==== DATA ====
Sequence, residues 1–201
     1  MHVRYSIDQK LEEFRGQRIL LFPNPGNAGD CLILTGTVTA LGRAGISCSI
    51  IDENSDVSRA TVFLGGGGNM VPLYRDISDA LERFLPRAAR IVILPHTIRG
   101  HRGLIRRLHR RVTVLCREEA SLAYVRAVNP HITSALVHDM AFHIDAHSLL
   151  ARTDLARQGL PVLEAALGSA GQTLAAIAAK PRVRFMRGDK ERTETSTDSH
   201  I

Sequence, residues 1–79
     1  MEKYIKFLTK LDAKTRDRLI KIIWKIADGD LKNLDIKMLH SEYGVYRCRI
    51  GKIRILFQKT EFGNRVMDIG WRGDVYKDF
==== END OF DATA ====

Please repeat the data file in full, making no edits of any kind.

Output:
Sequence, residues 1–201
     1  MHVRYSIDQK LEEFRGQRIL LFPNPGNAGD CLILTGTVTA LGRAGISCSI
    51  IDENSDVSRA TVFLGGGGNM VPLYRDISDA LERFLPRAAR IVILPHTIRG
   101  HRGLIRRLHR RVTVLCREEA SLAYVRAVNP HITSALVHDM AFHIDAHSLL
   151  ARTDLARQGL PVLEAALGSA GQTLAAIAAK PRVRFMRGDK ERTETSTDSH
   201  I

Sequence, residues 1–79
     1  MEKYIKFLTK LDAKTRDRLI KIIWKIADGD LKNLDIKMLH SEYGVYRCRI
    51  GKIRILFQKT EFGNRVMDIG WRGDVYKDF